• Rendering Taxable Property — If a business owns tangible personal property that is used to produce income, the business must file a rendition with its local county appraisal district by a specified date. Personal property includes inventory and equipment used by a business. Owners do not have to render exempt property such as church property or an agriculture producer's equipment used for farming.
  • Appraisal Notices — If a taxpayer's property value increased in the last year, the Texas taxpayer will receive a notice of appraised value from the appropriate local county appraisal district. The city, county, school districts and other local taxing units will use the appraisal district's value to set property taxes for the coming year.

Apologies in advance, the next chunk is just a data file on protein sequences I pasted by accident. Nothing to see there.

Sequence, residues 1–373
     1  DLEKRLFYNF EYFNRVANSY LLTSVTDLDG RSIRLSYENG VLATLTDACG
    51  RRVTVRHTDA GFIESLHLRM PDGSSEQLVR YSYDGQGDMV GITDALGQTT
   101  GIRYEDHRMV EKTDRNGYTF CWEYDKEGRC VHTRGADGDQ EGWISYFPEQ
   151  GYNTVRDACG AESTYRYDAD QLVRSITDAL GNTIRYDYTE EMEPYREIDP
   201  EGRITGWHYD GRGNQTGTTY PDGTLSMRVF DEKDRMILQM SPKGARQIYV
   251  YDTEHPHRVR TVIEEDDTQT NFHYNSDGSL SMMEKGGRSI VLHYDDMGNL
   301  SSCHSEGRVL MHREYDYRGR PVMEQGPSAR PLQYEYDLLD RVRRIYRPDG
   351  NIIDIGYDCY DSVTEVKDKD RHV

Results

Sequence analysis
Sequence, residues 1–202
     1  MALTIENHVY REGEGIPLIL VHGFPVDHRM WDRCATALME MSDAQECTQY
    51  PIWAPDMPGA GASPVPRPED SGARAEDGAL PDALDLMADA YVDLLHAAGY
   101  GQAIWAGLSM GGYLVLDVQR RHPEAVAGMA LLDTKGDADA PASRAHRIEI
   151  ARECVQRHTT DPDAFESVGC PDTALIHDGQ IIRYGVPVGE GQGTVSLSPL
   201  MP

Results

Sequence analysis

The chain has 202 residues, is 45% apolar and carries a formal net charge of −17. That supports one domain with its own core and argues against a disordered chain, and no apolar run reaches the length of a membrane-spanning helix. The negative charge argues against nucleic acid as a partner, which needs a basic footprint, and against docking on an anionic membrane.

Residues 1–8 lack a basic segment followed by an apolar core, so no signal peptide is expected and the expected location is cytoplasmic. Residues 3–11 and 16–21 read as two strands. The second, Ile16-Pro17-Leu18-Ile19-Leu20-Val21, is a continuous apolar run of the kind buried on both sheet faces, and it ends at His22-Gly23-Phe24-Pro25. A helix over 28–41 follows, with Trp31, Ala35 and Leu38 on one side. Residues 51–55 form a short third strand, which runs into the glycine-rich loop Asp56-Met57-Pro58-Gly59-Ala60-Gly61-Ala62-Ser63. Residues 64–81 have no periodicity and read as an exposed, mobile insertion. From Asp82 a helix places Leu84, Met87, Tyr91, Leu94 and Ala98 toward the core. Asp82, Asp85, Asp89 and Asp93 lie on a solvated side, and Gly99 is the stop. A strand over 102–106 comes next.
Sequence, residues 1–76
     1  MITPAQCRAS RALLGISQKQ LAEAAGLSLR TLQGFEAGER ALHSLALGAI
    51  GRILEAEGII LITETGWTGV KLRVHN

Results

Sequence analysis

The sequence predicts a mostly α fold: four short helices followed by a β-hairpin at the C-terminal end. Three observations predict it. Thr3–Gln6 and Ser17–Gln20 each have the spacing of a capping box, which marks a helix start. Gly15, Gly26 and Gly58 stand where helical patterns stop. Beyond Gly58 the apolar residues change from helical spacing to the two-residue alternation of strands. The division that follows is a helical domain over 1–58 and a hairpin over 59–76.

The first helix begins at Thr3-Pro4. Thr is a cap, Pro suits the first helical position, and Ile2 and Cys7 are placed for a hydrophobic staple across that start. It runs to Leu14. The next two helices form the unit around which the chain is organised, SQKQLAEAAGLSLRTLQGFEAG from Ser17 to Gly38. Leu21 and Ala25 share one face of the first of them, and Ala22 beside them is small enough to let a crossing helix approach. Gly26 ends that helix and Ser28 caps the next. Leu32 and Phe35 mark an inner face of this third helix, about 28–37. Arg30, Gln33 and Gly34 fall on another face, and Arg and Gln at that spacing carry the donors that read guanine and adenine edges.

• Property Taxpayer Remedies — This Comptroller publication explains in detail how to protest a property appraisal, what issues the county appraisal review board (ARB) can consider and what to expect during a protest hearing. The publication also discusses the option of taking a taxpayer's case to district court, the State Office of Administrative Hearings or binding arbitration if the taxpayer is dissatisfied with the outcome of the ARB hearing.
  • Homestead Exemptions — A homestead is generally defined as the home and land used as the owner's principal residence on Jan. 1 of the tax year. A homestead exemption reduces the appraised value of the home and, as a result, lowers property taxes. Applications are submitted to the appropriate local county appraisal district.